Jason Bonham and Julian Frampton Open During Emotional Evening
Review By DONNA BALANCIA
The Peter Frampton concert at The Forum gave proof of the masterful musician’s prolific career to an all-Baby Boomer audience that celebrated the good times. After all, Frampton was prom music, first-date music, and Frampton Comes Alive was the soundtrack to high school life in the late 1970s.
The thousands who came to The Forum on Saturday night, did so for a range of reasons. Nostalgia yes, but also to catch a first — or last — chance to hear the beloved songs from Frampton Comes Alive actually played live. Frampton booked this tour, believed to be his last, when he was diagnosed with a rare inflammatory muscle disease that may incapacitate him.
Hope and melancholy were on the setlist, so to speak, as despite being diagnosed with the rare disease called Inclusion Body Mytosis, Frampton himself seemed positive and upbeat. He played the jovial showman, telling some great stories and anecdotes, and perhaps it was his way of giving back to those who supported his remarkable career.
Frampton talked about being the go-to guitarist over a career that included work with many musicians, as also noted in a slide show introduction prior to his stage entrance. His teen idol-like appearance and good looks captured the hearts and imaginations of adoring fans in the late 1970s, and his prolific guitar may have been an afterthought. To put it in ancient terminology, the girls loved his looks and voice and the guys liked the slick guitar playing. But after seeing Frampton at The Forum, it’s easy to understand why his guitar work was so in demand by the greats, among whom he can be considered.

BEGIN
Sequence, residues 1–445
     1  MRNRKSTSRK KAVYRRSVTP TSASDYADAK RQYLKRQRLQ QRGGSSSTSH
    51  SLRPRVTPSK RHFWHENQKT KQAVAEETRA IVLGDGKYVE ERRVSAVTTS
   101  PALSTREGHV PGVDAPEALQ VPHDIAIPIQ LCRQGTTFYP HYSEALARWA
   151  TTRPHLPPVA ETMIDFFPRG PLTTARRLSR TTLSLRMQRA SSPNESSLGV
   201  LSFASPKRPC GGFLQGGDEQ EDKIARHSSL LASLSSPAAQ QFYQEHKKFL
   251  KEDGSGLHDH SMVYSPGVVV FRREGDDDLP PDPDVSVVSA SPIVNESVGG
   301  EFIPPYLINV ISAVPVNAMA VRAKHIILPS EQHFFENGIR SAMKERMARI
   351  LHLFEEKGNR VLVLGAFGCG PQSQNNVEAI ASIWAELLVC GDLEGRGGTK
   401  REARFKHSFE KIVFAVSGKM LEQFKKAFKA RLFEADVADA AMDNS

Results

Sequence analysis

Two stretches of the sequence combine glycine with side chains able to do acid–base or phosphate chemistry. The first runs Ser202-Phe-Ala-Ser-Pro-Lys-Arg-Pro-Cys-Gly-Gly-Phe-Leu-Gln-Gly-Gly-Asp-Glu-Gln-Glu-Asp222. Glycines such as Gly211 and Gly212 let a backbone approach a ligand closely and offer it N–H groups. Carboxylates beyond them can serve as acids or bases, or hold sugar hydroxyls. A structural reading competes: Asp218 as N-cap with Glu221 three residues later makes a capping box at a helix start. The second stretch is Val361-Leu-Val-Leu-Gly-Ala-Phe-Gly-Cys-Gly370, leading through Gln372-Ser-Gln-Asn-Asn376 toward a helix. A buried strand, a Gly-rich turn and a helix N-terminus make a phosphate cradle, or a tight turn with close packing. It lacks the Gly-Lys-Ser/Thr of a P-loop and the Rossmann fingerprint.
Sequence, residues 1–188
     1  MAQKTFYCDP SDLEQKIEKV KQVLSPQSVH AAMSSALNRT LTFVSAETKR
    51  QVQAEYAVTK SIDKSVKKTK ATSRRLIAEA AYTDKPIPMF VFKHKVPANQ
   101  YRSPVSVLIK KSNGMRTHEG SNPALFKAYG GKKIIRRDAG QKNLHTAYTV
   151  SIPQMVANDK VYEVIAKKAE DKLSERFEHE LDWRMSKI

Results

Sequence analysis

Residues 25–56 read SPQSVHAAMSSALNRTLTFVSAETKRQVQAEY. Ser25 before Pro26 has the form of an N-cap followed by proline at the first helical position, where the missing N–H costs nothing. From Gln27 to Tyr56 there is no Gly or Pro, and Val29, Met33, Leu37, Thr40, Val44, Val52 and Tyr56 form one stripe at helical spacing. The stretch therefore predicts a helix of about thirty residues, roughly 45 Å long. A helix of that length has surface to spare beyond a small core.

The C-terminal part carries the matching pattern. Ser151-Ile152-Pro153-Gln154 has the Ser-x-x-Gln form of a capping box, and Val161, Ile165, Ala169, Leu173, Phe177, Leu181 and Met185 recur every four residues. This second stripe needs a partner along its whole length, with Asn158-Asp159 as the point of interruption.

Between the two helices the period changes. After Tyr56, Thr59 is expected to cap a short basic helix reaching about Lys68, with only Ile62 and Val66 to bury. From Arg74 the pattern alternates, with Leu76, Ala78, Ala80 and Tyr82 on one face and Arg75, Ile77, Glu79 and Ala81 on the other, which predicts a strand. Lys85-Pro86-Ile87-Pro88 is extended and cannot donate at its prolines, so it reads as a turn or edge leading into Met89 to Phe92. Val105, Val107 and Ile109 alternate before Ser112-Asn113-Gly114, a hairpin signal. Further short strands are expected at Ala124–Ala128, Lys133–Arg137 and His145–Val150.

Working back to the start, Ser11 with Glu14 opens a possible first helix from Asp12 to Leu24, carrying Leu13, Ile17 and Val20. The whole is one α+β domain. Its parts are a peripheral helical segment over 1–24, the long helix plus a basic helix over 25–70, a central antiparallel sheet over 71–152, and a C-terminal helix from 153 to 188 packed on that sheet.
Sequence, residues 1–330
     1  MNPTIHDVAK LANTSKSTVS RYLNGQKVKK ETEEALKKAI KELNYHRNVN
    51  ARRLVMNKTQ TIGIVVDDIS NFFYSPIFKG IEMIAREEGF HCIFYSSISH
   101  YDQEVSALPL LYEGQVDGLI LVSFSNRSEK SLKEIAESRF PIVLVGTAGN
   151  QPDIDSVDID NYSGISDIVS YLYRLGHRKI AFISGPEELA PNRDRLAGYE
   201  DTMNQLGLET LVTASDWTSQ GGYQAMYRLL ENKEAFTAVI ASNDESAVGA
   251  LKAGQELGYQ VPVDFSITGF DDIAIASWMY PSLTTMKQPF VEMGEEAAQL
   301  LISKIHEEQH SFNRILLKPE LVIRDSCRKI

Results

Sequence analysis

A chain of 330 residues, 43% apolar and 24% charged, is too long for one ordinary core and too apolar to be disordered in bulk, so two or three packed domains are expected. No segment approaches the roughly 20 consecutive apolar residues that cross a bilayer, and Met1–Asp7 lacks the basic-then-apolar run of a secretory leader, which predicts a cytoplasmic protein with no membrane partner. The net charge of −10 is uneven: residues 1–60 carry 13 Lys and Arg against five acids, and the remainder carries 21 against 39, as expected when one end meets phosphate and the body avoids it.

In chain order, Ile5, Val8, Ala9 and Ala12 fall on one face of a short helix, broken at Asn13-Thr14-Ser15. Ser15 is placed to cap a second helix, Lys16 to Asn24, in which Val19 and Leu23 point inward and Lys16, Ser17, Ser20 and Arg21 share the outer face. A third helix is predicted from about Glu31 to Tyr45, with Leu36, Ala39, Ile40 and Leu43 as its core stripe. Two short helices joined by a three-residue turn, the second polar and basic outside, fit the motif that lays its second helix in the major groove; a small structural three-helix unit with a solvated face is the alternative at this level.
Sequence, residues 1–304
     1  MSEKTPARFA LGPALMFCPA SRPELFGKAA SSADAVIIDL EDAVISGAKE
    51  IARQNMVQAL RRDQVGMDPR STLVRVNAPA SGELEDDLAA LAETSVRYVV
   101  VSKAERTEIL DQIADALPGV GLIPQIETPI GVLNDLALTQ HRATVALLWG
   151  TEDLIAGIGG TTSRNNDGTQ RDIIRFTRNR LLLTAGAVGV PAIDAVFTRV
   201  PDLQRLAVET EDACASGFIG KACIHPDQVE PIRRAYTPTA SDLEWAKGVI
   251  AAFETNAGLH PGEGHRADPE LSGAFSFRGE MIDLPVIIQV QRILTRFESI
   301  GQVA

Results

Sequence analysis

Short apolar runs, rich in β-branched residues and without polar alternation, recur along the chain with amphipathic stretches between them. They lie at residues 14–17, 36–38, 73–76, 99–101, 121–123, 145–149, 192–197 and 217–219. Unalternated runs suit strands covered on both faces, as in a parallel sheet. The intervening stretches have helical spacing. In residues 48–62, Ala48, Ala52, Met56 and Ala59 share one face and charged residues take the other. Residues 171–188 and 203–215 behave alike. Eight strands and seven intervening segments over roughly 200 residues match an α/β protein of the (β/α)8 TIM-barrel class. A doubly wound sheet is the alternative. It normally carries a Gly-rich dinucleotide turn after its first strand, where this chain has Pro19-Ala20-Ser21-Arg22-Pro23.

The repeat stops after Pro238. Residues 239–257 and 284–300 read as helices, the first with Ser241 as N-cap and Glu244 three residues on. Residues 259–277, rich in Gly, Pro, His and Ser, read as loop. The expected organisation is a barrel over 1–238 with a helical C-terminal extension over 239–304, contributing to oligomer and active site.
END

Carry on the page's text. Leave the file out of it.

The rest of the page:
Security and service people at The Forum may have had one of the easiest nights in recent memory. It was a time trip with this particular generation of fans, who continue to exhibit the signs of why young Baby Boomers — the borderline Gen Xers — are such great group. It’s an easygoing bunch, comprised of the youngest sons and daughters of what is considered “the greatest generation.”
But these people, mainly in the 50-and-up range, show signs of greatness also, dealing with raising kids and simultaneously caring for aging parents, while working and looking for more work, or reluctantly considering early retirement. The most common ailment for energetic group in attendance: Being “downsized” at work and the reality that there’s no “gold watch” like the one Dad got. In most cases, there’s no retirement package, no 401K and many don’t have proper medical benefits.
So, it’s with a vengeance that these thousands of people enjoyed their evening with their old friend Frampton, shelling out for food and drink, having mini-reunions with buddies or re-living the songs that played when they met their wives, husbands and best friends.
But there was also great Rock N Roll